omen’s social status elevated to the point, where women could partake in all aspects of life, while maintaining family life which she did not belittle. The main argument in the Vindication is that current educational and ethical principles on which society is based are utterly erroneous, and instead of enhancing overall development and growth these principles endanger society’s morality.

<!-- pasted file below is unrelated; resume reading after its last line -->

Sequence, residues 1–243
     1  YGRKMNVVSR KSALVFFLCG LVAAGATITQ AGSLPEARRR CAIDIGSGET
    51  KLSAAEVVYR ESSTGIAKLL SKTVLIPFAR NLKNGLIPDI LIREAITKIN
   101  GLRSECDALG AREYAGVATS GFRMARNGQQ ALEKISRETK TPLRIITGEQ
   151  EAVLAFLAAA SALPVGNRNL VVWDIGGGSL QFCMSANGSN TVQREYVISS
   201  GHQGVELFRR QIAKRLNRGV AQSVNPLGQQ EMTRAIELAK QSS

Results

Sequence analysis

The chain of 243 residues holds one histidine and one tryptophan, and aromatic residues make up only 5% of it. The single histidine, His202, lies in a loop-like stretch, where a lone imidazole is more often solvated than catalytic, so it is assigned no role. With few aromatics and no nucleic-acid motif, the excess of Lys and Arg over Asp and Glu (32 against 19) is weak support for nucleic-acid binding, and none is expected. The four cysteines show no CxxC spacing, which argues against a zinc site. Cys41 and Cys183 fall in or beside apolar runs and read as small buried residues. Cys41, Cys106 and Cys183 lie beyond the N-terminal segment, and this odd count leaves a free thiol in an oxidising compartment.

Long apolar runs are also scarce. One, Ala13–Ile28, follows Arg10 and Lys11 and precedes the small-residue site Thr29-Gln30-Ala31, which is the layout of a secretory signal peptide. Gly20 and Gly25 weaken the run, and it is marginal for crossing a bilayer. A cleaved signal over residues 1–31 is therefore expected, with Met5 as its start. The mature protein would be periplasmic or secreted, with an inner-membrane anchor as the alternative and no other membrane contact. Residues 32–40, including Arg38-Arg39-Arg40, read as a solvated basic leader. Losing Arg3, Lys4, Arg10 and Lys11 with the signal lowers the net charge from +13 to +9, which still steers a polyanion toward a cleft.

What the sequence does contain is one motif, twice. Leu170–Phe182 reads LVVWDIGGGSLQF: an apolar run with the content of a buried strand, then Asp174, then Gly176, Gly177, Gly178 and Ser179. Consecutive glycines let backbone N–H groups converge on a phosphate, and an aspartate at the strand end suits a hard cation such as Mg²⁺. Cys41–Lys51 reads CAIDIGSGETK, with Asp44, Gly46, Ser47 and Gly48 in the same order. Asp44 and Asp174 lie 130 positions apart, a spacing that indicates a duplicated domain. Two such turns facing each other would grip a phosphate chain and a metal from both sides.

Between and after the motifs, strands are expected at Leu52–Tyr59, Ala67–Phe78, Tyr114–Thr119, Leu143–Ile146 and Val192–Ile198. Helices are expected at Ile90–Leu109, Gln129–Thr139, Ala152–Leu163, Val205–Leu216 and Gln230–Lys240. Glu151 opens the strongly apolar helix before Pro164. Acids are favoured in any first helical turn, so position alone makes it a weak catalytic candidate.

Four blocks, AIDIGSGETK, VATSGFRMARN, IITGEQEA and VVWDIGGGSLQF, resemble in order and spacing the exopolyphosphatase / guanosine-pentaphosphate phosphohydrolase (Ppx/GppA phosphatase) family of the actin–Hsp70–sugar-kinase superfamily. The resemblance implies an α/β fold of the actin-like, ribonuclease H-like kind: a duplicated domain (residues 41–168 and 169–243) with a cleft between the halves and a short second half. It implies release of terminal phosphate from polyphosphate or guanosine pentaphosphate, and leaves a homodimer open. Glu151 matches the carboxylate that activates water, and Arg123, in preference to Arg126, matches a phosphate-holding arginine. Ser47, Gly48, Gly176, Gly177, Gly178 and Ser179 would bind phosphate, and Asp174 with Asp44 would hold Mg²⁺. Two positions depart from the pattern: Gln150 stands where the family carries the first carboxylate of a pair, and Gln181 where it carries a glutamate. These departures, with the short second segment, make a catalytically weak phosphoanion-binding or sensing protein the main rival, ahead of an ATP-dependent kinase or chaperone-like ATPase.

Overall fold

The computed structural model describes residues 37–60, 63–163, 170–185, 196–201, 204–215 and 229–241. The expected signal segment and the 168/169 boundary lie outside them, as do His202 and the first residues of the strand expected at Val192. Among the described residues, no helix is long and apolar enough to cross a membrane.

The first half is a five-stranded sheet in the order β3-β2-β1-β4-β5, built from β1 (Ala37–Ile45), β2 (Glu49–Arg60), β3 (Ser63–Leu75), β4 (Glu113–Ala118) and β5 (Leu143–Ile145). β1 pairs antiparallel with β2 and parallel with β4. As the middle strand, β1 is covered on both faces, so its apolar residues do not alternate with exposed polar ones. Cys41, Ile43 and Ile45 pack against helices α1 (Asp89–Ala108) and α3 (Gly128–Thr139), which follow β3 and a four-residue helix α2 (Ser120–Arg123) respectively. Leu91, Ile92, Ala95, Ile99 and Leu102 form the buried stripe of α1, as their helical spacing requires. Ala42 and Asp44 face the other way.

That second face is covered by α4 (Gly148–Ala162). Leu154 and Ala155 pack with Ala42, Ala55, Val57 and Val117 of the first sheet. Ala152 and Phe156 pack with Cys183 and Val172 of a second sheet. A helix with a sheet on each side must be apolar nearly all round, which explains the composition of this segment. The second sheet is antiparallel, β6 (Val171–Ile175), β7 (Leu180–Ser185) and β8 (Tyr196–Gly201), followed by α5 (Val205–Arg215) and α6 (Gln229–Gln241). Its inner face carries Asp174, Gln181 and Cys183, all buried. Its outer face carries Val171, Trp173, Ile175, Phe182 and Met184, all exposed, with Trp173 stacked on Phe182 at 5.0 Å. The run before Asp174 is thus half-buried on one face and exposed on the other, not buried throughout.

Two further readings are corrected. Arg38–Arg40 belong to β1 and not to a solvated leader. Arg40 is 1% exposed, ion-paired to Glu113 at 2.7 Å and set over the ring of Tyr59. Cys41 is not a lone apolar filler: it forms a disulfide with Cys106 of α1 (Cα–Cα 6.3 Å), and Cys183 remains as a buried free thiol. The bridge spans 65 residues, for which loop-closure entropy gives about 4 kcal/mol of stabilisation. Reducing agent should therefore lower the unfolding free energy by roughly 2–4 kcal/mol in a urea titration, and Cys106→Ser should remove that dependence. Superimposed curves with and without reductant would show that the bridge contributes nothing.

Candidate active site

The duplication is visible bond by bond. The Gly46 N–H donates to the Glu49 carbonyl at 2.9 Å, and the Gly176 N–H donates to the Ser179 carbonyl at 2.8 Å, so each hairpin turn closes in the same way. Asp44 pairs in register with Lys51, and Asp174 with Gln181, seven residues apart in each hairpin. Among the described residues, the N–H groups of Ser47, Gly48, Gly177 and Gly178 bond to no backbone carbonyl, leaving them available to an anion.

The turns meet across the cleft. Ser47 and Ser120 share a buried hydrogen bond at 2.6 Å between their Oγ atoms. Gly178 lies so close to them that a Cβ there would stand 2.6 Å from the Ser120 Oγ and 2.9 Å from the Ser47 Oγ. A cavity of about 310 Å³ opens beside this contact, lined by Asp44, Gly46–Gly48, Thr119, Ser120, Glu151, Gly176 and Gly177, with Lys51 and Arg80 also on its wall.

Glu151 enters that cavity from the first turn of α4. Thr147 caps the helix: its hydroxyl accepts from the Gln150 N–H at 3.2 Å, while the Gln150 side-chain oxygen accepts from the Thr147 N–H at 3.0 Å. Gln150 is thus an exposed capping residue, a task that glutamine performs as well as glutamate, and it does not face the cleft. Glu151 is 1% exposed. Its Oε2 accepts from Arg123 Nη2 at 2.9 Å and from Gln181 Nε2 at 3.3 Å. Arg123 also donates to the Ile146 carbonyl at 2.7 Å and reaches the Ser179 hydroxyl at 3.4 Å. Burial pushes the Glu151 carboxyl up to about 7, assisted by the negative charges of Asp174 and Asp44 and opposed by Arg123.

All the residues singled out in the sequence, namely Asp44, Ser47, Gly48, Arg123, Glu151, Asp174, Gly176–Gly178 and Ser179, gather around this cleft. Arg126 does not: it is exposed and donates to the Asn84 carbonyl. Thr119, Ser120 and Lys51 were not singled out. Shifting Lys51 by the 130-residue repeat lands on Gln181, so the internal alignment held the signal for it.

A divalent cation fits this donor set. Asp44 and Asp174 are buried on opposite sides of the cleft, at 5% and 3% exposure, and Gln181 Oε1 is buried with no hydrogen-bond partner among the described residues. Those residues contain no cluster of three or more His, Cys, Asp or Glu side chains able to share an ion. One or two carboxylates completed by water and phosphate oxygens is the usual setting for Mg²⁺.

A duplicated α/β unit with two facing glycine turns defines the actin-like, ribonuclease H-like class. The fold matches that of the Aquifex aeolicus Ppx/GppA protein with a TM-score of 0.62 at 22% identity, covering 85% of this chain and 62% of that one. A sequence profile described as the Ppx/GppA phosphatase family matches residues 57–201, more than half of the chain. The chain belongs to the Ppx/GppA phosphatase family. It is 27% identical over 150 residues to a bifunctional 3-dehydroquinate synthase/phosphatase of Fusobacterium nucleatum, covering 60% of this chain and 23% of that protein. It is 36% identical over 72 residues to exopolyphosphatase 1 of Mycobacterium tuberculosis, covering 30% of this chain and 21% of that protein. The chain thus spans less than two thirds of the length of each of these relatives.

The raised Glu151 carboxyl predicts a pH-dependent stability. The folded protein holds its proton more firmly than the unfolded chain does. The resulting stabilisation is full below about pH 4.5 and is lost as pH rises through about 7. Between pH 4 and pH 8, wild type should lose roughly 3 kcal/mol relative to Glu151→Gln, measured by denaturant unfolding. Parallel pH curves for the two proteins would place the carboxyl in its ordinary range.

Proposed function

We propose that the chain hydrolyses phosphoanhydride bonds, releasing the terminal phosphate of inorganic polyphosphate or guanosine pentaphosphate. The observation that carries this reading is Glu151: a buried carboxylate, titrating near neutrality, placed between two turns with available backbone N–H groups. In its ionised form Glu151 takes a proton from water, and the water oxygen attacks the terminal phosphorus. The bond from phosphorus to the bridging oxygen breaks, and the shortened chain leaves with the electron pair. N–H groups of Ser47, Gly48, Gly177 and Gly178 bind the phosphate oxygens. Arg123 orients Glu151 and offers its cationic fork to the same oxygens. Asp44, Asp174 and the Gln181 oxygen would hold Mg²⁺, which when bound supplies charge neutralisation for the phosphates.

In her concept of moral behavior, Mary Wollstonecraft embedded the “revolution” in manners and education to ensure that women develop their rationality and intellectual powers, rendering them worthy citizens, entitled to the “inherent rights of mankind” (Wollstonecraft, 175). Through the analogous use of the “Rights of Man,” rhetorically epitomized during the French Revolution, Wollstonecraft demanded that women be freed from “all restraint,” properly educated, and made participants in the “virtuous equality” of a just civilization (Wollstonecraft, 141, 175). The moral system of Wollstonecraft is largely based on the principle of judicial and intellectual equality of men and women, as she points out: “To render also the social compact truly equitable, and in order to spread those enlightening principles, which alone can ameliorate the fate of man, women must be allowed to found their virtue on knowledge, which is scarcely possible unless they be educated by the same pursuits as men” (Wollstonecraft, 173). This statement on equal intellectual opportunities should be understood through the perspective that any woman writing on the improvement of women in the later 18th century inevitably interested a conversation dominated by men, a so called “male-dominated philosophic discourse” (Finke, 20), that obliged her to contend with the discrete and nuanced discourses established by philosophers, political theorists, didactic writers, among others on the subject of women’s role in society. That is the main reason why Mary Wollstonecraft emphasized